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Picking a Colour Scheme for Your Next Home Decor Project

Picking a Colour Scheme for Your
Next Home Decor Project

Colour choices play a critical role in the success of any home décor project. Why? Because colour is the first thing your eye notices when you walk into a room. How different colours play off one another creates a first impression that affects your perceptions of everything else. As such, picking colour schemes is a lot more important than most people know.

So, how do you pick a colour scheme for a new project? There is no black-and-white (pardon the pun) method we can recommend. But we can offer some practical suggestions that might help. If all else fails, just remember that you can
never go wrong with white.

Creating a Colour Palette

The first thing to do is create a colour palette or two. A colour palette is a selection of colours you think go well together. It serves as a basis for determining different shades, tints and textiles. For example, you might create a white and grey palette to start with. You wouldn't be too far off the beaten track in doing so.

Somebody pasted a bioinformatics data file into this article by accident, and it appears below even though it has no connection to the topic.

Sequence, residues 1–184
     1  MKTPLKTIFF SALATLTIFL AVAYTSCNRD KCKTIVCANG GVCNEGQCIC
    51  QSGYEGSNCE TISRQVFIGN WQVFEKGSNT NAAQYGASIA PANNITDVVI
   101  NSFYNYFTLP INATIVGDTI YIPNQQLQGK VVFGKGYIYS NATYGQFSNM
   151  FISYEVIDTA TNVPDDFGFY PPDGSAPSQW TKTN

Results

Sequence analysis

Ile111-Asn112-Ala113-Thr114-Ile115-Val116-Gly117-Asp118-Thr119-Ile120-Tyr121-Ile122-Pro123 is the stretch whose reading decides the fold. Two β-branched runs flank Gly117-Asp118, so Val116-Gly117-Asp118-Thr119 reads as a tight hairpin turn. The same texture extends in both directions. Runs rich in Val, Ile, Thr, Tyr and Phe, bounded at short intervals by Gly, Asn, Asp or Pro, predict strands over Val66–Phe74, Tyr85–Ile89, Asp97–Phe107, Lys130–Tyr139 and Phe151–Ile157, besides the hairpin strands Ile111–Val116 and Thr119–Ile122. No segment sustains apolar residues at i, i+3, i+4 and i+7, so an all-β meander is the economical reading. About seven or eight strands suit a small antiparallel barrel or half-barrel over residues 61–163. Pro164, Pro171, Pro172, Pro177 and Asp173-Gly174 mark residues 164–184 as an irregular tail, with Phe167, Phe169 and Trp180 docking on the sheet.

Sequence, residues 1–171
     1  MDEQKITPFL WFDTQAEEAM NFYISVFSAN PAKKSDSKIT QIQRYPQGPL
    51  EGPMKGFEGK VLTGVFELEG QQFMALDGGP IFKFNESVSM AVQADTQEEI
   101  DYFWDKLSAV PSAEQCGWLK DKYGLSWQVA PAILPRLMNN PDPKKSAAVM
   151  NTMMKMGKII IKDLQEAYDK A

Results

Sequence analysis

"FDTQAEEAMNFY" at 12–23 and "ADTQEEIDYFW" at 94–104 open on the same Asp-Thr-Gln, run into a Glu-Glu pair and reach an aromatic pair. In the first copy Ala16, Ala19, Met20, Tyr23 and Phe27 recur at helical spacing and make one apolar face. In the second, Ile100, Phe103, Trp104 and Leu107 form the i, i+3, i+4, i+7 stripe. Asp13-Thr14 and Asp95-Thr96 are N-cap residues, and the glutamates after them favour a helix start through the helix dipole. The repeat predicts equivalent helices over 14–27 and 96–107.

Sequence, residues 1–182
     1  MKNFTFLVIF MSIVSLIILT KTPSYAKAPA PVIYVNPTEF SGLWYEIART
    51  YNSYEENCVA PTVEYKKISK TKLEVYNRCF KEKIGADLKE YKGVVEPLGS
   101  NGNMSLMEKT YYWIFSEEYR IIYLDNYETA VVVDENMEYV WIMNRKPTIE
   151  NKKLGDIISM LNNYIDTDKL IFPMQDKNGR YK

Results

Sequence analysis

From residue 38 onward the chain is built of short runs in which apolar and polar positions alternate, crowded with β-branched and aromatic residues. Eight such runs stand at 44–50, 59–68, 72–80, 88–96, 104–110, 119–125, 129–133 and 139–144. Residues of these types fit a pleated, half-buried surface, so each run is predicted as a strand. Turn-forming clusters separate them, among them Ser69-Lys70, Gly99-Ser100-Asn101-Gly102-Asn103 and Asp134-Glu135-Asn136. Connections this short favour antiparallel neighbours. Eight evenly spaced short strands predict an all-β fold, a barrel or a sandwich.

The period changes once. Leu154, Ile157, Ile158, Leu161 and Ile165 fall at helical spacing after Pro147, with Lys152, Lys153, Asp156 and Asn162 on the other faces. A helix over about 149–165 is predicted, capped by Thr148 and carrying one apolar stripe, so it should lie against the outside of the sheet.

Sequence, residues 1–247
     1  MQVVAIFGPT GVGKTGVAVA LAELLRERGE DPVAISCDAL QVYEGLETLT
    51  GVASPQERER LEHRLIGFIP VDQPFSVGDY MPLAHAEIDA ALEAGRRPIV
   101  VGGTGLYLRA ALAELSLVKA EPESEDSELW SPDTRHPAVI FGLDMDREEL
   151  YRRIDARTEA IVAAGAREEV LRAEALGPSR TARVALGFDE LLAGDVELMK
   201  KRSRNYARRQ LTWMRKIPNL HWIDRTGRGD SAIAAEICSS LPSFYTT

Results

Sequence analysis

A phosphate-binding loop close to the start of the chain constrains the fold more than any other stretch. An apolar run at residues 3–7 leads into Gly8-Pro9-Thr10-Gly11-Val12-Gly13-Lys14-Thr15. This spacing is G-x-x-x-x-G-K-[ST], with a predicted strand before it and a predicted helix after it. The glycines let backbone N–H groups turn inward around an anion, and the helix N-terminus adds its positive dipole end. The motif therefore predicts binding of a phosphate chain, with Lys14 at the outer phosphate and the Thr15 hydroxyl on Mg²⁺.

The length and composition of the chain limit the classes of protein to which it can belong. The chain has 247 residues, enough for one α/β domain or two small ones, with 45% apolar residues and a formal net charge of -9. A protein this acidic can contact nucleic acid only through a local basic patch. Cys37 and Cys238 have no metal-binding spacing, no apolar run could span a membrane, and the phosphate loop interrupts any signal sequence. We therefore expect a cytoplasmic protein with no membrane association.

We did some research and discovered that UK homeowners have preferred white and grey palettes over most others for the last five years. Historically speaking, white and grey have been popular worldwide for more than 20 years. They are especially popular in the bedroom.

You can go online and find plenty of free tools for creating instant colour palettes. You choose one or two primary colours and let the pallet tool do the rest. You will get a whole range of colours, shades, and tints to think about.

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Move around your furniture

The colour wheel is a scientifically developed illustration of how assorted colours interact with one another. Interior designers and artists use it quite a bit. A basic colour wheel is divided into 12 hues, three of which are primary colours. There are also three secondary and six tertiary colours.

You can use the colour wheel in a number of ways. Here are few examples:

Complementary – If you are looking for dynamic colours that complement one another nicely, choose two hues directly opposite on the wheel. Blue/orange and red/green are two examples.